“A Tesla merger? How about one with Volkswagen?”
With Elon Musk saying if a merger with another firm were on the cards he “would have this conversation”, and Volkswagen streamlining its operations, could VW and Tesla join forces?
Mergers between huge car companies are nothing new. The recently formed Stellantis brand, a union between Groupe PSA and FCA, brought together 14 individual firms including Maserati and Vauxhall, the latter of which was only acquired by its PSA parent three years ago.
With manufacturers across the world keen to pool resources, development costs and, increasingly, carbon-dioxide emissions, sense is to be found in the prospect of a merger between EV maker Tesla, and Volkswagen Group. Because while VW Group’s push into electric cars is now fully underway, the German manufacturer’s fleet average CO2 emissions stood at 123.6g/km as of March this year according to analysts at Jato, against a European Commission target of 95g/km for 2021.
Car makers not meeting that fleet 95g/km target face big fines and some firms, such as FCA, have already paid to ‘pool’ their emissions with Tesla in order to offset potential penalties. A full-blown VW/Tesla partnership would presumably have a significant impact on Volkswagen Group’s fleet emissions. VW Group, meanwhile, could apply its almost peerless mass-production know-how to Tesla’s cars.
There are other indications that a merger between Tesla and Volkswagen Group could be possible. Tesla boss Elon Musk recently said: “We are definitely not going to launch a hostile takeover, but if somebody said it would be a good idea to merge with Tesla, we would have this conversation.”
VW Group boss Herbert Diess, meanwhile, spent one-on-one time with Elon Musk this year, giving the Tesla chief executive the opportunity to drive VW’s new ID.3 electric hatch. Diess subsequently said “there is no deal/cooperation in the making” between Tesla and Volkswagen, but Diess has also admitted Tesla technological lead in gives him “headaches”, according to internal VW communications reportedly obtained by German magazine Automobilwoche.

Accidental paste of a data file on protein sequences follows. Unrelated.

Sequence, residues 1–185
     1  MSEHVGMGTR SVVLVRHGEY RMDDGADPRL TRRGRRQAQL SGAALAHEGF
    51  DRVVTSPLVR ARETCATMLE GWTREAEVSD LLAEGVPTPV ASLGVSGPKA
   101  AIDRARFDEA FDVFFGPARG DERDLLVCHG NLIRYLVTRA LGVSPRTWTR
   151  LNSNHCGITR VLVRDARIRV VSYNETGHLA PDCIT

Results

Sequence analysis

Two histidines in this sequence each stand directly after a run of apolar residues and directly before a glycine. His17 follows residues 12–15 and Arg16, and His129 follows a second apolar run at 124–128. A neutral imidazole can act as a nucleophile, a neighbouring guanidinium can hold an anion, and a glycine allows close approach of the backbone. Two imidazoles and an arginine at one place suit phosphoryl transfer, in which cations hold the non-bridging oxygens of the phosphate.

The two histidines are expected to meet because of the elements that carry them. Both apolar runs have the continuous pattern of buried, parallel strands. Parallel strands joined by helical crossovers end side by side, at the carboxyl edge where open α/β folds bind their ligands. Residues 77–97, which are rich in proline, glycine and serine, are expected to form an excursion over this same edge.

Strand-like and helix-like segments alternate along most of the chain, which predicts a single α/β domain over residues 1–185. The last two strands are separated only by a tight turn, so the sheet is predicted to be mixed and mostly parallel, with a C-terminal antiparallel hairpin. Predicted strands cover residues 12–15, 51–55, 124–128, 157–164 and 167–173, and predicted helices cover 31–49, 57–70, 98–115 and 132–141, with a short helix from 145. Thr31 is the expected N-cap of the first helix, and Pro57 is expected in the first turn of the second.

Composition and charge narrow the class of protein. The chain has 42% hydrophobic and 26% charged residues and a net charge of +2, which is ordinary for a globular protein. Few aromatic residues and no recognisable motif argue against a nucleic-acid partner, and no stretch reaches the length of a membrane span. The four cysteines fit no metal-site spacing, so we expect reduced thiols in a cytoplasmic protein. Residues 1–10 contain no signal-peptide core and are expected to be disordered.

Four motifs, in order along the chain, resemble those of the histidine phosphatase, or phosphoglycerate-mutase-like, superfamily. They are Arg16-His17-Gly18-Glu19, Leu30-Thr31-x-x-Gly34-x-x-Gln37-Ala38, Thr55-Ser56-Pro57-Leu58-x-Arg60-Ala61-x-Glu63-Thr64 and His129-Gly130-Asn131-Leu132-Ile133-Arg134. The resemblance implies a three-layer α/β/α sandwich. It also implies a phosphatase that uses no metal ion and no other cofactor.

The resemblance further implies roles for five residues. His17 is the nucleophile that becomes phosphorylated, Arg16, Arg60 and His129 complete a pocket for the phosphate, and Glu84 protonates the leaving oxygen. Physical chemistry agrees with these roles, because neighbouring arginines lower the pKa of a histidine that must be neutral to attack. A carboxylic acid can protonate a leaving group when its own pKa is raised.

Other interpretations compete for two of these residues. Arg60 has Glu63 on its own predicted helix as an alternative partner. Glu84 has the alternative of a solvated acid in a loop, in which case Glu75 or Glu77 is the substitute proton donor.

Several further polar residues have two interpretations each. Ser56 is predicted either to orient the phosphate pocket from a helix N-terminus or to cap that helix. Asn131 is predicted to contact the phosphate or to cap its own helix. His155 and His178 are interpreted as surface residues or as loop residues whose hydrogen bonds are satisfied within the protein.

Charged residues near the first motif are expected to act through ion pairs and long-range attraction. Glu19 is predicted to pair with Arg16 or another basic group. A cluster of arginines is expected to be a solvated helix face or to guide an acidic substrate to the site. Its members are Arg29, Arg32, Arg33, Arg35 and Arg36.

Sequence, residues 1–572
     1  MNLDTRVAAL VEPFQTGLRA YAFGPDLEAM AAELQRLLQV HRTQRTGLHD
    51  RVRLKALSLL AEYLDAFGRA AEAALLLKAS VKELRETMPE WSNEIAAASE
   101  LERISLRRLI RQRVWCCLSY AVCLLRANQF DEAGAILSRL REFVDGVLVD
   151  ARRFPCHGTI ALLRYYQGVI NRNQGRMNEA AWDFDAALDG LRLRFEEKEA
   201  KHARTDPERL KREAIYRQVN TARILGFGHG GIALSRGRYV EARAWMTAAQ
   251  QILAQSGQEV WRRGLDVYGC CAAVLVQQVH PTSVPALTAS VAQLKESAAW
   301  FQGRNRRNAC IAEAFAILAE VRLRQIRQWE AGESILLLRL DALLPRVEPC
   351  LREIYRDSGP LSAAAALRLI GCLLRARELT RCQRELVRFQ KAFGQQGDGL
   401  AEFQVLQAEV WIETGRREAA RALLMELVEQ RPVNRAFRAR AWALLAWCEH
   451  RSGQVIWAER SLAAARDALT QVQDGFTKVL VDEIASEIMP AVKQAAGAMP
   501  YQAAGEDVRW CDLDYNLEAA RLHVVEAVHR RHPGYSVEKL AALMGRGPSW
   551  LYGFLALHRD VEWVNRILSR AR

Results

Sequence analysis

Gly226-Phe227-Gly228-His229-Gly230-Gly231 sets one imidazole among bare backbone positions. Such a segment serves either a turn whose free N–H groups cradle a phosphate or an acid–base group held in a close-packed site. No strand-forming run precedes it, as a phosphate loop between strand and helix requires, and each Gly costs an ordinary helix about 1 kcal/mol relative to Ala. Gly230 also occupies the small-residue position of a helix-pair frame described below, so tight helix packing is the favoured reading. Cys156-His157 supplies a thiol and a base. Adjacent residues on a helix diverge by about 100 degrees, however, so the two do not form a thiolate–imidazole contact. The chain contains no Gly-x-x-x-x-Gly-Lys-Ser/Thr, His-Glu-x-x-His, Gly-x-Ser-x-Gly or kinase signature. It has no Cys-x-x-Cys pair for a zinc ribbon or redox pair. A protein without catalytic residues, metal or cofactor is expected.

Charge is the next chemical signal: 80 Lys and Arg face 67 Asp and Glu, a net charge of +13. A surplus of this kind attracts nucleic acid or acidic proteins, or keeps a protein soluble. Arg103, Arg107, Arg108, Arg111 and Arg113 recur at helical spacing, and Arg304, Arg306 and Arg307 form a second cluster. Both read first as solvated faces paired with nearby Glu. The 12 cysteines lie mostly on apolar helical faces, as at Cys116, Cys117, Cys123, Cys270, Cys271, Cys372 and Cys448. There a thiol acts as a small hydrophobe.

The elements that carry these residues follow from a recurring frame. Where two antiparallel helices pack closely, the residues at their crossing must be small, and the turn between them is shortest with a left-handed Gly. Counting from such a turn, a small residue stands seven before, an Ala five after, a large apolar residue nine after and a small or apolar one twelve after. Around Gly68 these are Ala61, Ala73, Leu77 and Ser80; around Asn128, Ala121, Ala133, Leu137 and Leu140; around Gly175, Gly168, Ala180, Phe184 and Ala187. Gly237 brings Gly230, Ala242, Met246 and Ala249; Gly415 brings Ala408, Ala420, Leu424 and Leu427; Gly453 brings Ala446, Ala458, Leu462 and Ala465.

Automobilwoche said Diess wrote: “What worries me the most is the capabilities in the assistance systems. 500,000 Teslas function as a neural network that continuously collects data and provides the customer a new driving experience every 14 days with improved properties. No other automobile manufacturer can do that today.”
If one starts with the premise that a merger is on the cards, more evidence emerges that indicates this could be a possibility. Volkswagen Group is selling hypercar maker Bugatti to Rimac, according to reports, while rumours indicate the German giant could also sell Lamborghini.
Other streamlining, cash-releasing operations include the recent announcement that Volkswagen is to halt all motorsport activities, integrating staff from Volkswagen Motorsport GmbH into the main Volkswagen AG company. Tesla, meanwhile, is brimming with cash, at least in terms of stock-market valuation, overtaking Toyota this summer to be the most valuable car maker in the world, with its share price climbing ever since.
Speculation of a merger between Volkswagen and Tesla is just that, and it is possible these signs are incidental, and signify nothing. But if a merger is announced between the world’s most highly valued car maker and the largest manufacturer by volume, you read it here first.
Tesla and Volkswagen Group declined to comment.
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